Rick Perry torches Donald Trump as he drops out of 2016 race



AP Photo/Paul Sancya

Former Texas Gov. Rick Perry (R).

Former Texas Gov. Rick Perry (R) suddenly announced he was suspending his presidential campaign on Friday. 

As he did so, he made it abundantly clear that he is still not a fan of real-estate mogul Donald Trump, the Republican front-runner in the race with whom he has often feuded.

Speaking at an event in St. Louis, Missouri, Perry repeatedly jabbed at Trump's campaign-trail controversies without using his name.

"Demeaning people of Hispanic heritage is not just ignorant, it betrays the example of Christ," Perry said, according to his prepared remarks. "We can enforce our laws and our borders, and we can love all who live within our borders, without betraying our values."

This was a reference to Trump's heated rhetoric against illegal immigration, which spurred a nationwide controversy when the developer launched his campaign in June. Perry previously likened Trump's immigration activism to the US' 19th century "Know Nothing" movement, which shunned Catholic immigrants from Ireland and Germany.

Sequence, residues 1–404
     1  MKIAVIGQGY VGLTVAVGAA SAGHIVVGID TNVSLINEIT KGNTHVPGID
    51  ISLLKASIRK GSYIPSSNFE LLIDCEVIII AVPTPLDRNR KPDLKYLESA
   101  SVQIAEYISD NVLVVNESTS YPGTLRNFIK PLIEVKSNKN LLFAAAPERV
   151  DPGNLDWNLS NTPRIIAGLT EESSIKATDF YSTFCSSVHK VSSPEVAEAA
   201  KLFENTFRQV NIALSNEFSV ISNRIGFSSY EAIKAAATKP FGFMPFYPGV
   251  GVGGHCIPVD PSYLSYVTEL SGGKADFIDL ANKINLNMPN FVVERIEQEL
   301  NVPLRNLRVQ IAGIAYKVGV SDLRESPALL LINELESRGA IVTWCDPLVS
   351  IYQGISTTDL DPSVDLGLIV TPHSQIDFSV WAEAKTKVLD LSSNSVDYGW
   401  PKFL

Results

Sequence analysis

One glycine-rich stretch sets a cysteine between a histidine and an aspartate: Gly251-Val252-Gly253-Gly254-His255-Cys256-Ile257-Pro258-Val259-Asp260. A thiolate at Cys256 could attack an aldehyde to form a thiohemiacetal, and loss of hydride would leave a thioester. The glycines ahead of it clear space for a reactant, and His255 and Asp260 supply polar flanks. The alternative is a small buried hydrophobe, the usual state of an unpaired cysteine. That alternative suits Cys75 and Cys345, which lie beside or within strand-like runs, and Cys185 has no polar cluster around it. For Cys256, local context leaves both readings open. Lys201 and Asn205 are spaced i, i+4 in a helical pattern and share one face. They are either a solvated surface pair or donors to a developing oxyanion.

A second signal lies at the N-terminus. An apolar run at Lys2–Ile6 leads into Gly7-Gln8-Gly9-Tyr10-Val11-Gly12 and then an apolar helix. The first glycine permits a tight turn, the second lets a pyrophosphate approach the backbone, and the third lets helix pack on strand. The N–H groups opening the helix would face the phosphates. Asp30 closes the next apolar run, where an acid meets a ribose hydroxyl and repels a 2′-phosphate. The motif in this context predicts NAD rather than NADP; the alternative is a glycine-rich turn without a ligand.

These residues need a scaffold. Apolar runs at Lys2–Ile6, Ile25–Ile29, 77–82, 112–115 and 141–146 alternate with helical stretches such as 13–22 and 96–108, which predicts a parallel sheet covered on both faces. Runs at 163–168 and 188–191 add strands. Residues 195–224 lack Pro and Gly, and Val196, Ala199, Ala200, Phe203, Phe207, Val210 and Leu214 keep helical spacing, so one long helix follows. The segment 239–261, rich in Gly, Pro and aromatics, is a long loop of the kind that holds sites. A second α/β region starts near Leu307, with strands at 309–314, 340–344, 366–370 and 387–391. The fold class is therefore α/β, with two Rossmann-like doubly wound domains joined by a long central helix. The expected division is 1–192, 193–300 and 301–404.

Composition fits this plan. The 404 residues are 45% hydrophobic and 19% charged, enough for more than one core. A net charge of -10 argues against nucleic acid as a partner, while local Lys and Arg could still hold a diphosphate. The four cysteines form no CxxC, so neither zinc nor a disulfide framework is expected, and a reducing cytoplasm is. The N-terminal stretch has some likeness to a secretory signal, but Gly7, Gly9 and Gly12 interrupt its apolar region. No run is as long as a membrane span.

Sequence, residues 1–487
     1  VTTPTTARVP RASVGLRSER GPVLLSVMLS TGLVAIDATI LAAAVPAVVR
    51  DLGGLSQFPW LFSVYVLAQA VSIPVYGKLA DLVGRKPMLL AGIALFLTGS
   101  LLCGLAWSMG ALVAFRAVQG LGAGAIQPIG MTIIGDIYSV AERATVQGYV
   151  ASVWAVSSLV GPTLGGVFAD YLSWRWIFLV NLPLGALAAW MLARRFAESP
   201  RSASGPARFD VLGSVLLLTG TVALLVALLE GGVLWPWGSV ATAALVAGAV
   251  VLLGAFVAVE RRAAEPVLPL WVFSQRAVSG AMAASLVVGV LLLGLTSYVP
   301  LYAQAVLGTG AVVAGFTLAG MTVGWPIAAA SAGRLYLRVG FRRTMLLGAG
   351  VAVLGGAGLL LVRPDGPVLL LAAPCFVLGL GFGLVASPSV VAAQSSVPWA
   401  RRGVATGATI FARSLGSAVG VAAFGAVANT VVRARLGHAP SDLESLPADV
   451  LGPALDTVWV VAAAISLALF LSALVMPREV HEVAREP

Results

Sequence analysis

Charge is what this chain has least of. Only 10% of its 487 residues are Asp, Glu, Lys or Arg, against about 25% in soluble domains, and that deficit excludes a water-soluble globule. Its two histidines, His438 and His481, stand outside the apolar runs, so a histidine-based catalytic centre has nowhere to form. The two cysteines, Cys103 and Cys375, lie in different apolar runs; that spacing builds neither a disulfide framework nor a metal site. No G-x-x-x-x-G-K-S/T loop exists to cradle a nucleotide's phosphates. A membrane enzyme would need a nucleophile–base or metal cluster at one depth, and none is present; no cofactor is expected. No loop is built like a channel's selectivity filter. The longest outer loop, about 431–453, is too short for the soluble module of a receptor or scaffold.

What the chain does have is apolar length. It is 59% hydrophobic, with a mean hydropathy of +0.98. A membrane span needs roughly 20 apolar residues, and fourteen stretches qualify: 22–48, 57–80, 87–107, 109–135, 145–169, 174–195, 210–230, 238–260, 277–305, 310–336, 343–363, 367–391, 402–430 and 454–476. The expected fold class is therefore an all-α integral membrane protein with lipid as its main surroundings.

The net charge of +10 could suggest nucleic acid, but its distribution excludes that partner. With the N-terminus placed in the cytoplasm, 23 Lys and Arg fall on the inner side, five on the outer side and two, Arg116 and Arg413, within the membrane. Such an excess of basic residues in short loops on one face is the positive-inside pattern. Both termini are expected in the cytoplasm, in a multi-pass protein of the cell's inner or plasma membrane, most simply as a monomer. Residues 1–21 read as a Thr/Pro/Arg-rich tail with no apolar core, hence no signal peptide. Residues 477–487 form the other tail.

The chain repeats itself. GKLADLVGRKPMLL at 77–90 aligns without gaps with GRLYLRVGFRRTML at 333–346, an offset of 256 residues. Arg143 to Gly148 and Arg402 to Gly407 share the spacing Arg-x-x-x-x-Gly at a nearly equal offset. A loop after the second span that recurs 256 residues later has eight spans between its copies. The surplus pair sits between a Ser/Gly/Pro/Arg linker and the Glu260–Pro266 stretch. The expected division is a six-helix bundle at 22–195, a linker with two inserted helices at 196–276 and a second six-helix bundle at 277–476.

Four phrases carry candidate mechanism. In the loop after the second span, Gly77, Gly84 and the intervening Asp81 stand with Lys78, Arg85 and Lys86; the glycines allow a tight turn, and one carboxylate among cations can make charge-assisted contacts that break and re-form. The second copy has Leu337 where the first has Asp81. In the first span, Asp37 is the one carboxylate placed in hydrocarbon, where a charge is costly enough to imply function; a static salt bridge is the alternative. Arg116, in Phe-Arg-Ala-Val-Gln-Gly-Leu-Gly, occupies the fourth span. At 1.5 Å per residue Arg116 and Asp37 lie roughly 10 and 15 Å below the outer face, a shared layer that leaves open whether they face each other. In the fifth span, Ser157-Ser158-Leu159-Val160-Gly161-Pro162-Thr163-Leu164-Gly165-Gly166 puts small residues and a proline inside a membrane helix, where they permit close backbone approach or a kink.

"It is time to elevate our debate from divisive name-calling, from soundbites without solutions, and start discussing how we will make the country better for all if a conservative is elected president," Perry said Friday.

Perry also bashed "celebrity" presidential candidates during his exit speech.

"For me, the message has always been greater than the man," he said in his prepared remarks. "The conservative movement has always been about principles, not personalities. Our nominee should embody those principles. He - or she - must make the case for the cause of conservatism more than the cause of their own celebrity."

Trump has generally responded aggressively to Perry's provocations, going as far as to question Perry's intelligence and suggesting that there should be an IQ test for the Republican presidential debates. On Friday however, Trump responded to Perry's departure by praising the former governor:


Despite his exit, Perry could still have a potentially lasting effect on the race. Notably, the super PAC backing his White House bid raised a reported $17 million.

Back when Perry's campaign was still foundering, a New York Times report speculated that the money could be used to help take down Trump, whom Perry has labeled a "cancer" on the conservative cause. At the time, an adviser to the pro-Perry super PAC insisted to The Times that the effort was singularly focused on boosting Perry's candidacy.

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